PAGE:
Discourse Analysis in Education

As I prepare my literature review for my masters project, I keep running into “discourse analysis.”  I am no expert on the subject (which seems to be a sub-field of sociolinguistics), but I find the whole thing very intriguing.

Let us say, for instance, that you and I both view a car accident.  We will not wait until the car accident is finished and we have gone home to “make meaning” from the event.  The conversation might start like:

“Did you see what that black car just did to that white car?”

While such a phrase might seem like just a restatement asking if you saw the accident, asking such a question already shows a representation of the event and I have begun a discourse on the subject.  Most probably, I have seen an accident in the past and am comparing the event to past experiences in real life, from movies, and from accounts they I heard from friends of family.  Similarly, the other person might respond by saying:

“Yeah. The white car hit their brakes so suddenly.”

Again, this may seem like the person has just restated what they saw, but the person is already taking a perspective and, perhaps, supplying blame to the white car.  The events that we talk about almost always emphasize certain facts and leave out others in an attempt for us to create a clear picture of what we have seen.

The police might come and ask the two witnesses what they saw, but the police are bringing in their relatively vast experience with car accidents to bear on the situation.  They are, right from the start, using some sort of preconceived reliability test that they have created for situations just like this.  They look at the types of clothes people at the scene are wearing, the type of language they use, and so many other sociocultural factors.  They also hold in their pocket the signs of authority in our culture, so the way we tell a story to a policewoman might be different than the way we would tell it to a friend (just as your conception of the story changed when I called her a ‘policewoman’).

Why does all of this matter?  All of these conversations are part of a discourse.  If an historian was interested in the situation, he could record all the witnesses as they spoke, read the accounts from the drivers and policeman, read about the history of the city in which it took place, look at the different people involved in the crash and their backstory, but what would the historian come out saying?  The historian may not have been there at the time of the accident, but just like the eye witness, the historian will have inevitably seen car crashes in life or on TV and has many of the same biases.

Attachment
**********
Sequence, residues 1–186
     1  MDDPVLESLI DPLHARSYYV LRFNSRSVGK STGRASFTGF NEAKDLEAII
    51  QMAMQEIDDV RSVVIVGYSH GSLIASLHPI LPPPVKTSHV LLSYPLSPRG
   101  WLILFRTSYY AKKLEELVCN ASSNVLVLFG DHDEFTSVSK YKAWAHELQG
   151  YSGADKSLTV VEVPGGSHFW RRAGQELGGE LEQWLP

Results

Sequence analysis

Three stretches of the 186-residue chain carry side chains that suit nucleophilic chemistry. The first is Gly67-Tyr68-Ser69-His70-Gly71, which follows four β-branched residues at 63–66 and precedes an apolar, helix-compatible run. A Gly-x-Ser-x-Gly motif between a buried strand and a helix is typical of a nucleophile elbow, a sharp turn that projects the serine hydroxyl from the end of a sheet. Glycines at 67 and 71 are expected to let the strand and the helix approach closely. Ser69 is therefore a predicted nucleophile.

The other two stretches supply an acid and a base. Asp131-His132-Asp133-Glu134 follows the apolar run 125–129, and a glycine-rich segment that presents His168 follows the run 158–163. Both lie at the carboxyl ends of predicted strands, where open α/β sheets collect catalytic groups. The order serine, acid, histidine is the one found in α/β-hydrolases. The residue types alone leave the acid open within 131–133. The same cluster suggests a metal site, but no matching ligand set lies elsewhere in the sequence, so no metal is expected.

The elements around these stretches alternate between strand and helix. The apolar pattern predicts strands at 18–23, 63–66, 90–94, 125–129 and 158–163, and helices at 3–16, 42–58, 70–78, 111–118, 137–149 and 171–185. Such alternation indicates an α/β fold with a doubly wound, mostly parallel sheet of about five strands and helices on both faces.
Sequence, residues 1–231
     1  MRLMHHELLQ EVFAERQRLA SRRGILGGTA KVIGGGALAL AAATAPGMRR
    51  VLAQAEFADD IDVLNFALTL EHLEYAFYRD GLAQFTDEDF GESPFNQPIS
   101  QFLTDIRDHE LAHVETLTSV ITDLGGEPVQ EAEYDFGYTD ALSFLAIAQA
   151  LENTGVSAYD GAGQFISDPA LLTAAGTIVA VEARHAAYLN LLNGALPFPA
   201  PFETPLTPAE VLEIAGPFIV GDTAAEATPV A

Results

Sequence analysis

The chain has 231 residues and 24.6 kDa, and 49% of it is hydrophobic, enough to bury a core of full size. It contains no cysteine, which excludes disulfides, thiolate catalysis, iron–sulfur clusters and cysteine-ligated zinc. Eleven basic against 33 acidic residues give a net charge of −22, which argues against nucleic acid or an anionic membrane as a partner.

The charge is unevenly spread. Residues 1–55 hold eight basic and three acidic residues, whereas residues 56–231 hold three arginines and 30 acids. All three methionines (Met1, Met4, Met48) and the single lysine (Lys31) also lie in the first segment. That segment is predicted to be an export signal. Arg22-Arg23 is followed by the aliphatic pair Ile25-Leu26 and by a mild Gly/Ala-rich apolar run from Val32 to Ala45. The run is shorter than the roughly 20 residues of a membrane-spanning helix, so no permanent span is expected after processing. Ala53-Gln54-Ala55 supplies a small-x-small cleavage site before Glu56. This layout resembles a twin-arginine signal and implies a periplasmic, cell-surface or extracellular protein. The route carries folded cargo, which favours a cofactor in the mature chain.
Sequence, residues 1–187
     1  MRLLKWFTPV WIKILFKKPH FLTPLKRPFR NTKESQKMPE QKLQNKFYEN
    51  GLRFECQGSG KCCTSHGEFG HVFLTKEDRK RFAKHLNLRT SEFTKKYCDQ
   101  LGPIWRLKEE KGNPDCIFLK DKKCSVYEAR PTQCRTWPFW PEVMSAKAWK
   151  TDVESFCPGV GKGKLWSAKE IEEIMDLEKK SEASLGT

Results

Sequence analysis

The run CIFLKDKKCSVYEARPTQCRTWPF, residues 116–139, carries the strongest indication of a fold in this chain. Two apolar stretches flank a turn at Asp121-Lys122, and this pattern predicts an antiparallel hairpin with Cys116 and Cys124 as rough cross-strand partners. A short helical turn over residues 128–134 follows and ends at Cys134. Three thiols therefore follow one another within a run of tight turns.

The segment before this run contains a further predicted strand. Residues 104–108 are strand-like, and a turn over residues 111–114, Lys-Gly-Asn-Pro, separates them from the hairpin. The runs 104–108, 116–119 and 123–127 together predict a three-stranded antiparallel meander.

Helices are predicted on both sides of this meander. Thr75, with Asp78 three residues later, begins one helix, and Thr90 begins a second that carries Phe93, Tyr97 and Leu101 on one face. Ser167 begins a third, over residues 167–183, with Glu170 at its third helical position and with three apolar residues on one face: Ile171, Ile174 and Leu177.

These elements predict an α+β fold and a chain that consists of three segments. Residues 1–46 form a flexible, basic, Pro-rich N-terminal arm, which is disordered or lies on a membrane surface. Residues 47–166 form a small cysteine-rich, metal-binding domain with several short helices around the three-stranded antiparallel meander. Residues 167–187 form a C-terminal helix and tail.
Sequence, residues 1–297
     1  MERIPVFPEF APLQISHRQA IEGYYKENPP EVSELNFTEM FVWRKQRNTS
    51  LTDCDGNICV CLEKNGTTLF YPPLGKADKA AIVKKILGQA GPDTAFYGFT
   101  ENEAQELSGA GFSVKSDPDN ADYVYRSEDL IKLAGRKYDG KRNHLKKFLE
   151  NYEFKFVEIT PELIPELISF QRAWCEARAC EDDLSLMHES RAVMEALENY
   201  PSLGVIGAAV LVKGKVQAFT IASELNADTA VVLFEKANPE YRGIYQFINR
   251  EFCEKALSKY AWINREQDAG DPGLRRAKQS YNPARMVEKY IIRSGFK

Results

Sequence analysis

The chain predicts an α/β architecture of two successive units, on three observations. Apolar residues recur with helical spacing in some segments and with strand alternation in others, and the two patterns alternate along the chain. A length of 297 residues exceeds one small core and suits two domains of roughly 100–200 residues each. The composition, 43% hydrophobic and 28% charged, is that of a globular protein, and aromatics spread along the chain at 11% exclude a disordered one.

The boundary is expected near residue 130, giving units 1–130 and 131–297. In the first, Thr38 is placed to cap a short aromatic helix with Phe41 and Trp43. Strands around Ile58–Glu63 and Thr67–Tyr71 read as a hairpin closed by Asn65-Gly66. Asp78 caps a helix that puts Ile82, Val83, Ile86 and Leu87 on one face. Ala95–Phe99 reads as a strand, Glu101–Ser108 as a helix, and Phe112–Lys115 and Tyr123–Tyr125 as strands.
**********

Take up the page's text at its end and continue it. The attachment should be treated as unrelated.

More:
The historian or discourse analyst might add their two cents to what happened based on the evidence they read.  He may even be close to what actually “happened” somewhere “out there” in “actuality,” but his explanations will be couched in American English and be inevitably limited in his diction, syntax, and grammar by standard English rules.  His cultural construct, if he is western, will be inevitably constructed on western philosophy, linguistics, and sociology.  Even if he has studied a different “type” of philosophy like Eastern philosophy, he will inevitably understand that philosophy through western eyes.  He or she can never fully distance themselves from it.

What has this to do with education?  Pretty much everything.  When teaching students in any content area, we should remind them that they are part of this discourse.  They should read who has come before them, understand the limitations of the field, and try their best to join in the conversation.  It is freeing, in my view, that students are not so constricted by the rules of right and wrong, but of recognition that many have come before them and that they are one of many who have tried to make sense of this world.

I am not arguing for an educational field free from “facts,” but am arguing for a study of history, math, science, art, or social studies from the perspective that those who came before us were each products of their society.  Seeing ourselves as cultural products of those who came before us give us a sense of place in a culture of western individuality.  I am arguing for a classroom that looks at a textbook and says, “Now these authors probably wrote this text for a reason?  What do you think that reason might be? Let’s spend this year trying to figure it out by analyzing the facts they put in and the facts they leave out.”

One might think that this could only work in the “softer” sciences, but there are ways to incorporate such a way of thinking in any classroom if teachers will take the time to think about how influenced they are by people who came before them and how those people influenced the way they think in their discipline.  We must consider the cultural constructs within which scientific and mathematical discoveries are made and for what political reasons they are made.  All of these things could take place in a discourse driven classroom.

This would require, however, teachers to give up their infallibility (including those in the church) and try to have a discussion about the biases and limitations of their discipline and why their field has formed to be the way it is.  It will require teachers to scaffold discipline-specific knowledge so that students can access it.  Teachers would have to listen and guide students towards valuable resources and steer students away from others, all the while giving them their best reason as to what constitutes “value.”  It would be, in my opinion, a central shift in education for the better.

As much as you can, aim to know your neighbours, and consult with the wise.  Let your conversation be with intelligent people, and let all your discussions be about the law most high. Let the righteous be your dinner companions, and let your glory be the fear of the Lord. -Ecclesiasticus 9: 14-16


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